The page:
About the Photographer
I'm not a professional photographer. I have no aspirations to be a professional photographer. In all likelihood, I wouldn't make it as a professional photographer unless I made some serious concessions regarding the subject matter I like to photograph.
In High School I signed up for a photography class and got my first taste of the concept of creativity through photography, and I think - subconsciously at least - that I was hooked at that point. At the same time I also was introduced to web programming, and the combined interests led to the creation of the Northwest Waterfall Survey, and later on the World Waterfall Database. Several years later this in turn led to an opportunity to work along side renowned Japanese photographer Yoshikazu Shirakawa as he completed his World's 100 Greatest Waterfalls project.
My enthusiasm for landscape photography as a whole didn't really set in until the mid 2000s when I started to come around to the idea that there were subjects other than waterfalls that I could actually enjoy photographing, and from that point on my drive to explore the natural world has only gotten stronger.
Philosophy & Approach
Landscape Photography for me is about capturing a moment that I personally experience and trying to depict it artistically but realisitically. I'm fully on board with the idea of taking artistic liberties for the sake of art, but because my connection to the images I make is ultimately about capturing and connecting to my experiences, I want and need my work to stay grounded in reality rather than transforming into some painterly adaptation of a romanticized of that moment.
As much as I possibly can I avoid adding anything to my images that wasn't there in the first place, and I do not and will not warp, distort, or alter the subjects of my images in an effort to try to make them look more imposing or dramatic (a practice that unfortunately seems to be more and more broadly adopted), because it's important to me to depict the natural world in a way that doesn't set unreasonable expectations. In the few cases where I have taken some liberties with my images I do strive to be as honest about it as I can because I still want that connection to a grounded reality - the moment I actually experienced - to shine through.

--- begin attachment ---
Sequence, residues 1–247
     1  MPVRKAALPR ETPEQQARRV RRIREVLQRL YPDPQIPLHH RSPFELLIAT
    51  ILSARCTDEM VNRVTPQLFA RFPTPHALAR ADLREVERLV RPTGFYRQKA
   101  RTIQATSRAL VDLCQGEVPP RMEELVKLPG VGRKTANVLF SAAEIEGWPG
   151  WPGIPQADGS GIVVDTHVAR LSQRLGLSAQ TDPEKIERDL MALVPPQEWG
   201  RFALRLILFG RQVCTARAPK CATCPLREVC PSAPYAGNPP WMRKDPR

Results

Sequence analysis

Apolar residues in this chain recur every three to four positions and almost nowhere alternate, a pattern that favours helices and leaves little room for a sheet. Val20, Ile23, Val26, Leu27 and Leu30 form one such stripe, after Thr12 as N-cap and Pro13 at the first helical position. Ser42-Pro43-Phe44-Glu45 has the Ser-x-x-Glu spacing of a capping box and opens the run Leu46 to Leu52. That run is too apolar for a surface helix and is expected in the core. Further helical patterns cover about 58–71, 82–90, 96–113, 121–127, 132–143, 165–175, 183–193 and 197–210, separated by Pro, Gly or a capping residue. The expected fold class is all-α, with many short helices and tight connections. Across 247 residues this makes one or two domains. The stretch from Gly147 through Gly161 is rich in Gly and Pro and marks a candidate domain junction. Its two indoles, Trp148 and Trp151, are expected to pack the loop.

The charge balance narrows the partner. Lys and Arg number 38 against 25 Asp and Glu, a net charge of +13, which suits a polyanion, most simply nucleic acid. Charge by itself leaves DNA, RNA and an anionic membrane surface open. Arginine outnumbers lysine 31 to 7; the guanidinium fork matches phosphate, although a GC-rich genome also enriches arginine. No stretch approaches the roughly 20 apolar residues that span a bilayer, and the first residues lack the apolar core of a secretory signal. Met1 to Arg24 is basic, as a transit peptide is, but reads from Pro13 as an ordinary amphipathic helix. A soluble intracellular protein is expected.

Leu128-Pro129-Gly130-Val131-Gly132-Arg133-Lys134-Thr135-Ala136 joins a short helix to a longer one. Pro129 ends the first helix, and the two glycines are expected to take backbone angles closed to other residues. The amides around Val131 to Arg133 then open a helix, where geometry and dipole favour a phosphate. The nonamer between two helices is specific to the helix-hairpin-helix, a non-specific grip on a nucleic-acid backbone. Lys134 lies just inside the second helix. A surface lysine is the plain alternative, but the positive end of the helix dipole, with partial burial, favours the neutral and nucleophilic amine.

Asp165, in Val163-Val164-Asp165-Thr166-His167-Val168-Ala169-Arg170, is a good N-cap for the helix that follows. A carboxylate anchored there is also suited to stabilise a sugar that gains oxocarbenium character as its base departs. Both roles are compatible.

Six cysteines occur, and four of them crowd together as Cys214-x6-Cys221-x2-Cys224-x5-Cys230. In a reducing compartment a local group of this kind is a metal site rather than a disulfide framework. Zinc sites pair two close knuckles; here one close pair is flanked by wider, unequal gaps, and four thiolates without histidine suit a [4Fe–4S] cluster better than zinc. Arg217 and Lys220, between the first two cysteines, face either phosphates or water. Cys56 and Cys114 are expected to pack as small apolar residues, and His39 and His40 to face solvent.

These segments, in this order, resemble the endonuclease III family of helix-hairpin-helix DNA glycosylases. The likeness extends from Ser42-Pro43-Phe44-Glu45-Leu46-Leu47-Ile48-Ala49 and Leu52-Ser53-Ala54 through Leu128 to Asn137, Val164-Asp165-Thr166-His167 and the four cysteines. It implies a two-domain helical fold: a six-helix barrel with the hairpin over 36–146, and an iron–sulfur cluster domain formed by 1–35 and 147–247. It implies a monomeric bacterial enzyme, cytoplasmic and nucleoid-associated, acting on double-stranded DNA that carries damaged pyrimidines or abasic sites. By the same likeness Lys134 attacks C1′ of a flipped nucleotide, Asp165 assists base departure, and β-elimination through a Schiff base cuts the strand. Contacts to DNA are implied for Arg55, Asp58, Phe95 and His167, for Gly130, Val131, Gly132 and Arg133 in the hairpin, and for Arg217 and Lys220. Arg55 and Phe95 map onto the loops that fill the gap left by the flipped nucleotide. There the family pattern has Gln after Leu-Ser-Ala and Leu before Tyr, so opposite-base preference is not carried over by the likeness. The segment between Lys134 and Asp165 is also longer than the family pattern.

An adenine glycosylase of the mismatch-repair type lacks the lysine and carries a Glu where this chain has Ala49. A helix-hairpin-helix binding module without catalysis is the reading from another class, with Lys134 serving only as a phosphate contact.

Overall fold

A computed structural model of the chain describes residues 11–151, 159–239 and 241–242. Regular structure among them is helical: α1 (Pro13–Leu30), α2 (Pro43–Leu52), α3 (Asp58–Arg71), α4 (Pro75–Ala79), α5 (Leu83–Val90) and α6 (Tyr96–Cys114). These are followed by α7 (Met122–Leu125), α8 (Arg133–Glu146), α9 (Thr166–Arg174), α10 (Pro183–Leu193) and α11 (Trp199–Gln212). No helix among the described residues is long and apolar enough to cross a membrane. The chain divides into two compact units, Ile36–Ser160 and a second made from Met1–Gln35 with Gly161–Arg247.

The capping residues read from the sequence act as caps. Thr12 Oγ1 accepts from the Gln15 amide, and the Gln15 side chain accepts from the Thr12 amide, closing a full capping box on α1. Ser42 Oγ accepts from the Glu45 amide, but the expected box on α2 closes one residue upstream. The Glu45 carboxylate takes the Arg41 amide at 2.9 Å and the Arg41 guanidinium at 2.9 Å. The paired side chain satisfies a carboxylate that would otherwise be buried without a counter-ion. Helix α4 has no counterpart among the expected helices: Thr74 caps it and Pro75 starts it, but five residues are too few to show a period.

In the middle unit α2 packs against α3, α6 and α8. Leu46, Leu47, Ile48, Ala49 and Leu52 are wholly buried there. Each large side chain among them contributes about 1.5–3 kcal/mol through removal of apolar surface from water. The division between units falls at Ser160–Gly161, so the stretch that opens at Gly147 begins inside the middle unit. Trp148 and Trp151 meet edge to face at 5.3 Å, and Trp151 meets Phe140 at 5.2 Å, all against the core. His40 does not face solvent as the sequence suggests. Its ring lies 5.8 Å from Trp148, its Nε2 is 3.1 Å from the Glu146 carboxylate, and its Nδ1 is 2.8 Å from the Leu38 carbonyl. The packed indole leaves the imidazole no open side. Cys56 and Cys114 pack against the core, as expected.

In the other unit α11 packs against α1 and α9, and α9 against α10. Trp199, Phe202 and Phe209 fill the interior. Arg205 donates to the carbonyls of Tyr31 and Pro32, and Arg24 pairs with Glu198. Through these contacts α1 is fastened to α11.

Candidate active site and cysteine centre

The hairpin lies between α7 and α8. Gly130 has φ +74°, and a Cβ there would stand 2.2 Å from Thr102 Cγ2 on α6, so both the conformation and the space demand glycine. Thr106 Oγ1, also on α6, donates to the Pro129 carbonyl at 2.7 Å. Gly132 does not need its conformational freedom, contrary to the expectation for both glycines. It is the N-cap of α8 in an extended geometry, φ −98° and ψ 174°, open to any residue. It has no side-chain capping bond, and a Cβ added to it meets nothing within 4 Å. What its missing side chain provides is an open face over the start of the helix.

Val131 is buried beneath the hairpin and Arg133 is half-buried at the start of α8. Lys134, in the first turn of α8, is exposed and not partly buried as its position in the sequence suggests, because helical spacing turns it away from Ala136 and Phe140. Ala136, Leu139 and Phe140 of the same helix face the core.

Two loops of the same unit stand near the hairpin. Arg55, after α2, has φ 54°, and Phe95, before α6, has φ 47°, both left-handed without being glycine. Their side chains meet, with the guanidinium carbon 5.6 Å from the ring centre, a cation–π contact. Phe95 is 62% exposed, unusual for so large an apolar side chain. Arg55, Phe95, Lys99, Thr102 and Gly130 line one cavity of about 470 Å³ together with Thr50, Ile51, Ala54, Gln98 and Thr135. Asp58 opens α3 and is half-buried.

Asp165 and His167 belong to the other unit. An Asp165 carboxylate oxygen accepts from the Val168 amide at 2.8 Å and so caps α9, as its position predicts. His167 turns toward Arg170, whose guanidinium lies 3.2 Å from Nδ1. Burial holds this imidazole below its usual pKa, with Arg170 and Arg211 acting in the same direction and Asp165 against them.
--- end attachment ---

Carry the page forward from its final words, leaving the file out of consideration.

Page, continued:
A big part of why I approach my images like this is because over the years as I've grown as a photographer, I found I was chasing this artificial paradigm that was being set by images from other photographers which depict incredible dramatic light, or conditions that either simply aren't realisitic to witness without dedicating incredible amounts of time, or were just overly altered and straight up didn't exist in the first place. And that was setting my own expectations to a height that I was simply not going to ever achieve, for a number of reasons, and those lofty expectations ultimately started to erode my mental health and my attitudes toward my interest in photography as a whole. I wasn't chasing this concept because I wanted to experience it, I was chasing it because I thought that was how I had to portray nature in order to be a successful photographer. And not only is that not true, but I find it to be an incredibly toxic attitude.
It took me a while to understand this, and as much as I love photographing dramatic light when I get to experience it, I try to be content with the conditions I get specifically because those every day, bland, uninspiring conditions are the norm. As a landscape photographer I feel like I have some responsibility to show that norm - and that it can still be depicted in interesting and creative ways. And honestly, I find it far more satisfying to create a successful image under less than inspiring conditions than when the sky is completely blowing up.